Read this article before continuing.
Who’s sins are we supposed to confess? What is confession? How often should we confess? These and many other questions come to my mind when I read articles and comments like those above. Here is a brief excerpt to get discussion going today.
Representatives from the 34 U.S.-based churches in the WCC [World Council of Churches] apologized to other nations for the U.S.-led war in Iraq. In fact, that group issued a letter — written in the form of a penitential rite — asking God’s forgiveness for America’s war-related policies and charging the Bush administration with grave sins against the environment and the poor.
IRD interim president Alan Wisdom says while confession of sin is “a duty” for all Christians, “it is our own sins that we should confess — not the sins for which we wish to fault our political opponents.”
Wisdom asserts the penitence expressed by the denominations’ representatives is false. “These church leaders are not confessing their own sins; they are trying to confess the sins of George W. Bush, who never asked them to perform that service for him,” he says. “Nor did the members of their own churches ask them to make this kind of statement on their behalf.” The IRD leader calls the letter a “blatant political abuse of the sacred Christian rite of confession.”
Now, let’s look at some Scripture on the matter.
In Nehemiah 9, the people confess their sin. But, ya wanna know something? They don’t only confess their own sin. They confess the sins of their fathers. They say,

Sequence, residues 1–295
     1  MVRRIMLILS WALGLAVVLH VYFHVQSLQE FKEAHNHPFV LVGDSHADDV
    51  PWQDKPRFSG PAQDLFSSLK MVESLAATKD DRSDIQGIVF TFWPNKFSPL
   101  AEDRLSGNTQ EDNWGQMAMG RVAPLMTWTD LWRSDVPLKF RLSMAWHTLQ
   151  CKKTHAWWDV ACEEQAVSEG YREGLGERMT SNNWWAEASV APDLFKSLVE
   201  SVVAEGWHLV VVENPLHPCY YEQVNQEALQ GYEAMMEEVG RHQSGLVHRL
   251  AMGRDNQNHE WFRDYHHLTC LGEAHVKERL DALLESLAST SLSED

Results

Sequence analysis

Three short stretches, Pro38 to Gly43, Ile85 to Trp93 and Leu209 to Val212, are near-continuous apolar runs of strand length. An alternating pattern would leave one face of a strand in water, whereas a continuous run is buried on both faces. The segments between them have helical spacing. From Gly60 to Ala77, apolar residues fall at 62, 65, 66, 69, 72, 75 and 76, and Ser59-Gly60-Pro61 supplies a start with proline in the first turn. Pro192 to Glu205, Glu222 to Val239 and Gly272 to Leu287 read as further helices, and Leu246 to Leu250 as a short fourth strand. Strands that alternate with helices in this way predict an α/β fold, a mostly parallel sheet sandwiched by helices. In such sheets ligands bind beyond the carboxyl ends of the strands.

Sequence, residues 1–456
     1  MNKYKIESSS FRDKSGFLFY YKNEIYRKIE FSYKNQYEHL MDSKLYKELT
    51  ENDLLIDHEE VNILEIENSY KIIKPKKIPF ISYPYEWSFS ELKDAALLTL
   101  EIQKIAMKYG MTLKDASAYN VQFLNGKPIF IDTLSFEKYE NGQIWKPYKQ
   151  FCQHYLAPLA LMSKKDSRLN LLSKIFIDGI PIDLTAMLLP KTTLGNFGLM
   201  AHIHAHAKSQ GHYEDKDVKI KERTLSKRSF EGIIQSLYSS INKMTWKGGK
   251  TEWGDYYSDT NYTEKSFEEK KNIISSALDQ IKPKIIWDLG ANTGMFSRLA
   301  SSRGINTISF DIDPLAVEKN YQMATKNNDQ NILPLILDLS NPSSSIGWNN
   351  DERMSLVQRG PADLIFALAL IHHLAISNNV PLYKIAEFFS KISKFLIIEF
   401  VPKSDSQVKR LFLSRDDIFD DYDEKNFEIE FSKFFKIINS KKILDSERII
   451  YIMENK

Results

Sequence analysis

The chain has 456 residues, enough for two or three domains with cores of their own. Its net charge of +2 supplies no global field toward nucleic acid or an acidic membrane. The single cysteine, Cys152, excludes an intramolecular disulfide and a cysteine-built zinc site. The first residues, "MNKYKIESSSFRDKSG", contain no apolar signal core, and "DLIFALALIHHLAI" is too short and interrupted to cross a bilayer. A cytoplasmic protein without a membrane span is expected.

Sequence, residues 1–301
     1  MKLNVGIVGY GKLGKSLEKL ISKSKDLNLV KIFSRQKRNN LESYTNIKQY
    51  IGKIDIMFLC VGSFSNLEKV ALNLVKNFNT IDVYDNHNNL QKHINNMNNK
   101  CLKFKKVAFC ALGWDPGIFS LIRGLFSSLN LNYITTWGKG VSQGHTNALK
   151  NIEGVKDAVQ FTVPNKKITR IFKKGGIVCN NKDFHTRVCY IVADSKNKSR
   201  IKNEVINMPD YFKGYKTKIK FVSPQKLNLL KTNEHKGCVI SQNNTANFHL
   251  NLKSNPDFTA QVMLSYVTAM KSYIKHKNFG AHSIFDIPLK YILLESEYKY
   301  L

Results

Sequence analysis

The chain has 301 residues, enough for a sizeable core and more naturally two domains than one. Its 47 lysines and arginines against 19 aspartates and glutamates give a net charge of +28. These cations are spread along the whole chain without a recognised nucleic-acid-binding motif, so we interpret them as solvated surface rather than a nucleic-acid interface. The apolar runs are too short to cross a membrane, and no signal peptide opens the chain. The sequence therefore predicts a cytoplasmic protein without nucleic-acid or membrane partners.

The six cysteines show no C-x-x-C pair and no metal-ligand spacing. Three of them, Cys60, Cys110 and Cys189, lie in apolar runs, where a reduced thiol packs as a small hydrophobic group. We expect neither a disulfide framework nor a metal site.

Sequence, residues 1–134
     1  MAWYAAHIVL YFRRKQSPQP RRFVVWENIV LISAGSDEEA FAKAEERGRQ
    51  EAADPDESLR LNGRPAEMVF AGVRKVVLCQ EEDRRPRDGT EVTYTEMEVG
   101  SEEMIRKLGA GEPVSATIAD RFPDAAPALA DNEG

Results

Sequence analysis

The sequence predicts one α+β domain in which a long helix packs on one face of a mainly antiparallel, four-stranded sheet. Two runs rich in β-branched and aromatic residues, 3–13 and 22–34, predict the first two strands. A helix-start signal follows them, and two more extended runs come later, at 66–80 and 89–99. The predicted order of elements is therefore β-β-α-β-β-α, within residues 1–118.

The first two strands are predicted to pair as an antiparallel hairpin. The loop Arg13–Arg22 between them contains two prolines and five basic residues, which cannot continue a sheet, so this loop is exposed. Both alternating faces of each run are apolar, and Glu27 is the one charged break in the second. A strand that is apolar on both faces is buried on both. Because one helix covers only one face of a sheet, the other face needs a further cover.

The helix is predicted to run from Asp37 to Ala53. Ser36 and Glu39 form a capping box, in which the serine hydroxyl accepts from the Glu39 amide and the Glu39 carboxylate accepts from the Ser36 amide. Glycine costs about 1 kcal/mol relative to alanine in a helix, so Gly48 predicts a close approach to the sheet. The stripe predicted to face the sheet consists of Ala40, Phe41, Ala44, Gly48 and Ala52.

But our ancestors acted arrogantly; they became stiff-necked and did not listen to Your commands…But they were disobedient and rebelled against You. They flung Your law behind their backs and killed Your prophets who warned them to turn them back to You. They committed terrible blasphemies…So now, our God— the great, mighty, and awe-inspiring God who keeps His gracious covenant — do not view lightly all the hardships that have afflicted us, our kings and leaders, our priests and prophets, our ancestors and all Your people, from the days of the Assyrian kings until today. You are righteous concerning all that has come on us, because You have acted faithfully, while we have acted wickedly. Our kings, leaders, priests, and ancestors did not obey Your law or listen to Your commandments and warnings You gave them. When they were in their kingdom, with Your abundant goodness You gave them, and in the spacious and fertile land You set before them, they would not serve You or turn from their wicked ways. (Nehmiah 9:16, 26, 32-35 HCSB Emphasis mine)
I want us to notice something in this passage. As the people are confessing their sin, they make sure and confess the sins of their “kings, leaders, priests. and ancestors”. Interesting. According to Alan Wisdom, though,
…it is our own sins that we should confess — not the sins for which we wish to fault our political opponents.
But is the World Council of Churches “fault[ing their] political oponents” or are they confessing what they believe to be sins that have been committed by American forces in the war on terror via our “war-related policies”? I choose to think it is the latter.
In coming days, we will discuss the issue of confession of sin. I would ask that all of us have open hearts and open minds and be willing to let God teach us what He wills.
To be continued…